I’m not too sure about the whole idea of supposing one generation has a distinct set of characteristics as compared to another one. It seems to be the fashionable thing to do, and it generates an awful lot of column inches – more, in my view, than the idea deserves.
Recently I came across this open letter from a Millennial to the world’s employers: Why Millennials Keep Dumping You: An Open Letter to Management .
Have a read of it. I’m not convinced that the things this correspondent wants are especially ‘Millennial’. In fact, to bracket them as such does them a disservice. I think she is surfacing issues that apply to the entire workforce – particularly the issues around meaningfulness, which are incredibly stark.
Here’s why I think meaningfulness is on people’s minds (not just those of Millennials). The world is changing so quickly that what is true today may not be true tomorrow. There’s so little security that our sense of there being things we can rely on has been enormously undermined – and that sense is a big part of meaningfulness. There is so much spin and there are so many people talking inauthentically and they are doing it in our faces via our social media apps.
So why would a Millennial – or indeed anyone – give their full, unwavering commitment to a role when that role may not be around for very long (either because the company fails or the role itself is modified by the company, responding to the world’s speed of change)?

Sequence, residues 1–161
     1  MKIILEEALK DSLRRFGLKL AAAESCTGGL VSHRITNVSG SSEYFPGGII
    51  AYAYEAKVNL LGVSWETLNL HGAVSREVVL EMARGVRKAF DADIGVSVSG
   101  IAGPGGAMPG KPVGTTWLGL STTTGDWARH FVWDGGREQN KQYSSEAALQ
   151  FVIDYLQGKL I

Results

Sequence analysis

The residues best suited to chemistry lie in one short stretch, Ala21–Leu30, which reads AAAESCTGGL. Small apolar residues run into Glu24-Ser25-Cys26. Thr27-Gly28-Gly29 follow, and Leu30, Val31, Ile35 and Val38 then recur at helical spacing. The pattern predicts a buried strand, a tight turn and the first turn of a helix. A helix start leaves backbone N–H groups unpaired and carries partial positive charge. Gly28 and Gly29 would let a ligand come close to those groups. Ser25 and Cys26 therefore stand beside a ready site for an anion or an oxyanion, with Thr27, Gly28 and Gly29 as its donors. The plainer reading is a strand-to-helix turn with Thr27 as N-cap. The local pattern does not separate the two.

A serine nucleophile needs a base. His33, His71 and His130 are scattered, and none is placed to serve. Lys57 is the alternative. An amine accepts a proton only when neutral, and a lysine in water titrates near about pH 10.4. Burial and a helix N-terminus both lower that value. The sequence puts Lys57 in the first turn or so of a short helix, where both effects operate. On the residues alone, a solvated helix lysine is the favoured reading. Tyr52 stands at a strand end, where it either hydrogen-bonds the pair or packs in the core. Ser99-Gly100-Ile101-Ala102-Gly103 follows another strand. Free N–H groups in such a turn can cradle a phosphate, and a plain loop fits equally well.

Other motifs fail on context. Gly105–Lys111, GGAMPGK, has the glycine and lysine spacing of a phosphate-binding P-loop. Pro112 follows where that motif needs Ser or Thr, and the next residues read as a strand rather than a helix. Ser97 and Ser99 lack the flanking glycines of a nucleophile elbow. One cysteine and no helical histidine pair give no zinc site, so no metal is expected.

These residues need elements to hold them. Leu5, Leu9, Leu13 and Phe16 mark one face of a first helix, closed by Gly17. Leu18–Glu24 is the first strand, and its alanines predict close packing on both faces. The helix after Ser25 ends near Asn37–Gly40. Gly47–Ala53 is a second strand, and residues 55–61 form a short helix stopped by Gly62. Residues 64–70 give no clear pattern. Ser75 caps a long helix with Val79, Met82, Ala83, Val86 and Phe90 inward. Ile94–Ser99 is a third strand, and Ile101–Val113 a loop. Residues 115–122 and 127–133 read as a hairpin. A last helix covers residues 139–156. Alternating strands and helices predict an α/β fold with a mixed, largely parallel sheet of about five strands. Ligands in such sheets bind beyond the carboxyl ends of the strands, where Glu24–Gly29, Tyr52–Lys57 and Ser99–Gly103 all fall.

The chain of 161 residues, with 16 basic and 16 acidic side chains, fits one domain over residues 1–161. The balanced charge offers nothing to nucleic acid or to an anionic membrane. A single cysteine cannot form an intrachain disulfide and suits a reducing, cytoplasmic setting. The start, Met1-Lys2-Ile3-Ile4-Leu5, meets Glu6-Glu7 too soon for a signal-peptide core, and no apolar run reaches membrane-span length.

And why would they see much point giving themselves wholeheartedly to the business if they just don’t particularly buy what you’re selling? They know what other companies are like (Glassdoor) and they know what sort of messaging they are OK with, simply through having been saturated by messaging (it is all around them). Thanks to the modern voice of advertising, people are wise to the way that companies try to make friends with them now – and you are a company.
There’s only so much you can do about this, but being level with people is one of them. So is making a real effort to be authentic and to recognise and call out spin when you see it at work in your business.
So many voices are vying to be the voice of reason. The voice of reason that makes people buy something. Bear that in mind when thinking about the messaging at your business. People have heard it all before. Or have they? Can you make it all add up?
You probably can’t woo message-weary employees with your culture. ‘Starting with why’ won’t guarantee that people stay. Ultimately they know that you’re trying to make money out of them. If you want their buy-in, don’t expect their buy-in. Be pleasantly surprised if you get it. And you might just get it by treating them as individuals, individuals with no great personal connection to your company and its ‘culture’.